People sometimes come to us for pre-separation advice. That is before they have made a decision to end a relationship or marriage. Sometimes they want to talk through the pros and cons of embarking on the path of separation and divorce and other times, they know that they wish to separate but want to end the relationship in the best way possible.
Making the decision to end a marriage or de facto relationship is difficult. If you are seeking to understand how to end a marriage or de facto relationship in a way that is empathetic and as positive as possible, this article highlights what we have witnessed helps many people end their de facto relationships and marriages, well.
To answer the question, ‘What is the best way to separate from your spouse or partner?’, we have narrowed our insights into five key considerations to keep in mind.
1. Determine Where Everybody Is At
Upon separation, information gathering is often the first stage of the formal process of separation as it relates to the assets you share between you. It may not be suitable to progress with these next steps involving your partner immediately when you are aiming to end your relationship as peacefully as possible, particularly where your partner may not see the end of the relationship coming.
When we assist our clients, whichever side of the relationship they are on, we are mindful of where our client is ‘at’, personally. We tailor the assistance and information at that point to what their needs are. Sometimes that means that people come back and see us months or years down the track, or not at all, depending on what they ultimately decide to do.
If you are the person initiating a separation, it is likely you are at a different ‘stage’ of the process to the other person. As people go through stages at different times and in different ways, this may affect their ability to cope and address the steps that follow on from a separation.
2. Familiarise Yourself With The Grief Cycle
For anyone interested in learning how to end a marriage well, we often start by pointing them to the stages of grief that people typically go through.
The Kubler-Ross Grief Model breaks grief down into five stages of loss:
As people go through the stages of grief, they may display different behaviours or actions. Importantly, be aware that this process is not linear and each stage can take longer for one person to move through than another.
3. Focus on Minimising Conflict
Certain actions or events may be triggering or affect how you, or they, may feel about a situation.
Knowing the stages and where you and your partner or spouse are at, among them, is important.
Being aware can help you both identify which stages you may each be in, at different times. Being aware and discussing the stages you are in can help you both communicate better or identify a need to reconsider the timing of certain conversations.
4. Give Them (And Yourself) Time and Space
As we have explored, where you are in your relationship doesn't necessarily match up with your partner is mentally or emotionally. Some people will need some time and space to think, or get support to work through what they need to, and it's appropriate to give them some.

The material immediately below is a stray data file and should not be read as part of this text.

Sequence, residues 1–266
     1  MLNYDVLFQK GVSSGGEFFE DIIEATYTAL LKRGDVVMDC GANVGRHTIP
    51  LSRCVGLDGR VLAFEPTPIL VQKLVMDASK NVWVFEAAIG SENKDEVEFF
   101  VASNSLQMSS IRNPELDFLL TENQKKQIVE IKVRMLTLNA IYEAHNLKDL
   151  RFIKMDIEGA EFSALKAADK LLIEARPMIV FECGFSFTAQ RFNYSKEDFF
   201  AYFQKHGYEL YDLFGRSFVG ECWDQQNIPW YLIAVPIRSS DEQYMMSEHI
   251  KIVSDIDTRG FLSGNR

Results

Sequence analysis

Recognise that your partner may need time to grieve your relationship and require space to work through their feelings. You may already have been through this process, especially if you've been considering divorce for some time.
Both of you will need to work on the most pressing issues, but other issues may be able to be parked. Sometimes leaving a little bit of time to pass can be desirable, providing there is not anything urgent, or that might be detrimental to you not to have acted upon. A good ‘holding pattern’ can avoid escalating a situation when the other person isn’t ready. Being mindful of the time you and they might need, is very important particularly early on in the separation and divorce process.
5. Seek Out Support
In our work we see people going through the stages of grief and while they may think they are at a certain stage, something may happen that sets them back or triggers a feeling or reaction. The breakdown of a relationship is one of the most significant loss events in people’s lives, so seeking support is vital, regardless of whether it is you that has ‘called time’ on the relationship, or not.
Your support may come through friends and family or with a professional, like a counsellor or even a coach who is outside of the separation and divorce field (or both!). Seeking support is particularly important in the early stages as you negotiate a significant period of change.
You Will Get Through This
Although your situation may be difficult right now, know that the passage of time does help.
From time to time we receive updates and insights from people who are further down the road on this journey you may be embarking on. While they acknowledge that it was a really difficult time, once they managed to work through the process, they discovered there can be silver linings.
Just as with any challenge or difficult situation, it may be hard to see any silver lining right now, but there can be positives that ultimately come from these big life changes.
Related Articles: How To Divorce Well: Working Together To Plan Your Life Apart
Phillips Family Law is an award-winning Family Law practice serving clients across Australia and abroad. Regardless of where you are in your decision-making process, we can make you aware of your options. To discuss your situation confidentially, phone (07) 3007 9898 or secure a time by filling in our confidential form here.
Disclaimer: The content in this article provides general information however it does not substitute legal advice or opinion. Information is best used in conjunction with legal advice from an experienced member of our team.